Surely you know this place because of its famous towers. The Clock Tower (Elizabeth Tower after 2012), commonly known as Big Ben, the famous symbol of London and the UK. Completed in 1858 and since then it is hard to imagine London without Big Ben's clocks and bells.

Transport: Westminster metro station, Website: www.parliament.uk

Tower Bridge

Tower Bridge (built 1886-1894), a bascule bridge over the River Thames in the city centre near the Tower of London. The bridge was opened on 30 June 1894 by The Prince of Wales. It has become an iconic symbol of London. In June 2012 the set of Olympic rings was suspended from the Bridge to mark the London Summer Olympics.

Tower Bridge in LondonTower Bridge. Image by © Cmglee / CC BY-SA 3.0

Transport: Tower Hill metro station

St Paul's Cathedral

St Paul's Cathedral is one of London's most majestic building. It is a working Church of England and the seat of the Bishop of London. Built 1675-1697 by Sir Christopher Wren to an English Baroque design. Towering over Ludgate Hill St Paul's Cathedral is the highest point in the City of London. It has simply gorgeous and impressive interior.

West side of St Paul's Cathedral of LondonSt Paul's Cathedral (west side). Image by © Bernard Gagnon / CC BY-SA 3.0

The main space of the Cathedral rises 108 metres from the floor and holds three circular galleries the internal Whispering Gallery, the external Stone Gallery, and the external Golden Gallery. If you want to see one of the best views of London, then you need to reach these galleries.

To get into the Galleries you will need a bit of energy, actually lots of it, to go up 528 stairs to the top. First stage of this journey will bring you to the Whispering Gallery, so called because if you talk close to the wall it will carry your words around the gallery.

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To reach this first stage go through a door on the western side of the southern transept of the Church and get ready to walk about 257 steps above ~ 30 metres. Plus 119 stairs and you'll reach the Stone Gallery, an exterior viewing platform and a place to rest before the third stage. Another 152 steps to finally get to the Golden Gallery, the second exterior platform, 85m above London, with great views of the city.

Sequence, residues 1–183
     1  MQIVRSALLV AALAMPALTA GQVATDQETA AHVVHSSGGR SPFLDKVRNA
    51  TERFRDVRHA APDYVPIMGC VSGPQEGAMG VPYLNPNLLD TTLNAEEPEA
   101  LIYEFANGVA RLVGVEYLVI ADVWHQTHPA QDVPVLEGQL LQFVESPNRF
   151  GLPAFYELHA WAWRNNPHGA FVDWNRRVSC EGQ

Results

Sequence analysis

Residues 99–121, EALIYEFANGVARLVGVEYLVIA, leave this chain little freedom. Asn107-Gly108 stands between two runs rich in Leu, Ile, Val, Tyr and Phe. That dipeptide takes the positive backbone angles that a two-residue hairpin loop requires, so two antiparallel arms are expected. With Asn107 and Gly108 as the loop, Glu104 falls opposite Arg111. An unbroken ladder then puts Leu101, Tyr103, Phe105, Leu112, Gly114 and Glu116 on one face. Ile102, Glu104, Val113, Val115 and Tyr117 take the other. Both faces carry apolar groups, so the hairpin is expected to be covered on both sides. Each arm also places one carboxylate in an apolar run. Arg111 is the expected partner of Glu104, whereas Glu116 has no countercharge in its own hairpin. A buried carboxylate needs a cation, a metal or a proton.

Interior of St Paul's CathedralInterior of St Paul's Cathedral. Image by © Peter Morgan / CC BY-SA 2.0

Transport: St Paul's metro station, Website www.stpauls.co.uk ,
Price: adult/child £12.50/4.50, Hours: 8.30am-4pm Mon-Sat

Trafalgar Square

Trafalgar Square is a central square in London, place for meetings, celebration, cultural events and demonstrations, - in many ways this is the centre of London. The Square commemorates the victory of the British navy at the Battle of Trafalgar in 1805 during the Napoleonic wars. The great square is partly free of city transport, which makes it a perfect place for walking. You would like two big fountains, which are beautifully lit at night.

At the centre of Trafalgar Square, since 1843, is standing Nelson's Column, the 52m-high monument honours Admiral Lord Nelson, who led the fleet’s victory over Napoleon.

Trafalgar Square in LondonTrafalgar Square. Image by © David Iliff / CC BY-SA 3.0

Around the square are: the National Gallery, the National Portrait Gallery, the Church of St Martin-in-the-Fields and Admiralty Arch, where the Mall begins, leading to Buckingham Palace (Mall is a road in London).

Transport: Charing Cross metro station

British Museum